Millions of Cases
Mitral valve disease is another prevalent cardiac disease in dogs, affecting an estimated 7 percent of the population, or millions of U.S. canines.
Dogs often are given eight months to live once their mitral valve disease is significant enough for the animals to be classified in heart failure. Open heart surgery is one treatment option, but it poses challenges to the pet owner in terms of cost and the limited number of surgical veterinary centers available to perform it.
An experimental device under development is called the MitralSeal. The device, the result of a partnership between Avalon Medical of Stillwater, Minn., and Colorado State University, is implanted into a dog’s heart via catheter through a beating-heart procedure. One of the principal investigators is CSU Professor Christopher Orton, DVM, Ph.D., Dipl. ACVS.
“In humans, advances in image-guided interventional cardiology techniques performed on the beating heart have begun to provide alternatives to traditional cardiac surgery,” Dr. Orton said. “Examples include transcatheter aortic valve replacement (TAVR) and percutaneous mitral valve repair.
“In veterinary medicine, interventional closure of PDA has largely replaced the need for traditional surgical ligation,” he said. “Techniques and devices currently in development for dogs include transcatheter mitral valve implantation, mitral valve repair and aortic valve implantation.
“These emerging advances in interventional and hybrid-interventional cardiac techniques offer the possibility for more practical and affordable treatments of cardiac conditions in dogs where historically options have been limited or nonexistent,” he added.
Because some patients with refractory heart disease have exhausted the capacity of medical therapy, and some are not viable surgery candidates, veterinary cardiologists are looking to other options such as gene therapy to improve cardiac function.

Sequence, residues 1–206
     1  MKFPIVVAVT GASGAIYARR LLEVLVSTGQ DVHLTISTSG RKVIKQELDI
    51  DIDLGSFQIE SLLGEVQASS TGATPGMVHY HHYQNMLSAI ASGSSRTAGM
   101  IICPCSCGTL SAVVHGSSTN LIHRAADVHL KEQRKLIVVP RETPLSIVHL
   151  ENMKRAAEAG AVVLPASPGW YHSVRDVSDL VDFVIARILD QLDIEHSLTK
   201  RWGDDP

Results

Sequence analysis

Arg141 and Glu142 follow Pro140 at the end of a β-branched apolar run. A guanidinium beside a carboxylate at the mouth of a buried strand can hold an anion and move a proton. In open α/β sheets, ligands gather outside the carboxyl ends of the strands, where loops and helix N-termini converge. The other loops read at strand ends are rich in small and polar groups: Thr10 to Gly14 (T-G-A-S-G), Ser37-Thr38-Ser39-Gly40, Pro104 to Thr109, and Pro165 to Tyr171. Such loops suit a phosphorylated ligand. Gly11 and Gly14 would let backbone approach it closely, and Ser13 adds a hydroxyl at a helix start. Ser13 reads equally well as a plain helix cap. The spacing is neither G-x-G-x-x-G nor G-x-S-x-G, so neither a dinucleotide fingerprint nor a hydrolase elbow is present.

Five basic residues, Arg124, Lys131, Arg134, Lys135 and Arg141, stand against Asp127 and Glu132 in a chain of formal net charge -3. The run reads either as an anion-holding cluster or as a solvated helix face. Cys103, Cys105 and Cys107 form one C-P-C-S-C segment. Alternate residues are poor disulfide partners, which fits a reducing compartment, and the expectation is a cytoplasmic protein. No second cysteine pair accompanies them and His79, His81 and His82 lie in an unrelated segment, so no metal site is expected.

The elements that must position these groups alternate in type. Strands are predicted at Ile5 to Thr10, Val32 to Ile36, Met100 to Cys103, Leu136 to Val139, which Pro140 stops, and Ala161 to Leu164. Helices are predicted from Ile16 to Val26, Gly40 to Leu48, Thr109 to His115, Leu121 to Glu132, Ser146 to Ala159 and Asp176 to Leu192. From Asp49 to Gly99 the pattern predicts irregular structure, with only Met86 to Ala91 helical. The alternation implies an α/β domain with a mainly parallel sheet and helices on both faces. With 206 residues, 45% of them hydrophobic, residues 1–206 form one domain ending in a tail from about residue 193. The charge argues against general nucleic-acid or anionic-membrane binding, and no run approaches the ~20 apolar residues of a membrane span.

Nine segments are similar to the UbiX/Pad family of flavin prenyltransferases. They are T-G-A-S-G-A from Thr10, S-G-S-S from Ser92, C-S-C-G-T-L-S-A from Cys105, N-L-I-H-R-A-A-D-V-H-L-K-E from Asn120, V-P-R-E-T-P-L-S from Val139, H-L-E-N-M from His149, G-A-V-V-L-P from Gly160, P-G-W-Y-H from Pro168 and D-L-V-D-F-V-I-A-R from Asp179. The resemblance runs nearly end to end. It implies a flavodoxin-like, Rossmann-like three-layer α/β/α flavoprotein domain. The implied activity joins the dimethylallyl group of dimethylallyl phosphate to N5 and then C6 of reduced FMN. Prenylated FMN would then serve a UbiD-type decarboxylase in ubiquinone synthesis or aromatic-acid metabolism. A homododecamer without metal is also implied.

For many cardiac diseases, the precise gene or genes have yet to be identified. The beauty of gene therapy is that a veterinarian doesn’t need to know the exact gene and can still improve the oxygen supply and heart function by addressing how the heart deals with calcium regulation.
Idiopathic dilated cardiomyopathy (DCM) and chronic valve disease are the two most common acquired heart diseases in the dog. Numerous animal models and human clinical trials have shown that normalization of intracellular calcium-handling processes can result in improved cardiac function and clinical signs.
University of Florida Professor Meg Sleeper, VMD, Dipl. ACVIM (cardiology), is preparing to study the effect of gene therapy on calcium regulation in dogs with DCM. Looking to the future, Dr. Sleeper said gene therapy “will be an important part of the arsenal for combating acquired heart disease … regardless of whether the disease is inherited or not.”
Minimally invasive treatment of cardiac disease along with gene therapy illustrate the promise of the future of veterinary cardiology. Improving technology and treatment options while increasing availability to pet owners seems to be where the field of veterinary cardiology is headed.
Nguyenba, of MedVet Medical and Cancer Centers for Pets, said he looks forward to improvements in surgical and interventional techniques for managing heart valve disease in dogs.
“We may also see greater reliance on cardiac biomarkers and advanced echocardiographic techniques to help fine-tune therapy and prognosis for pets with heart disease,” he said.
Dr. Meghan E. Burns owns Connect Veterinary Consulting of Kansas City, Mo.
Originally published in the December 2016 issue of Veterinary Practice News. Did you enjoy this article? Then subscribe today!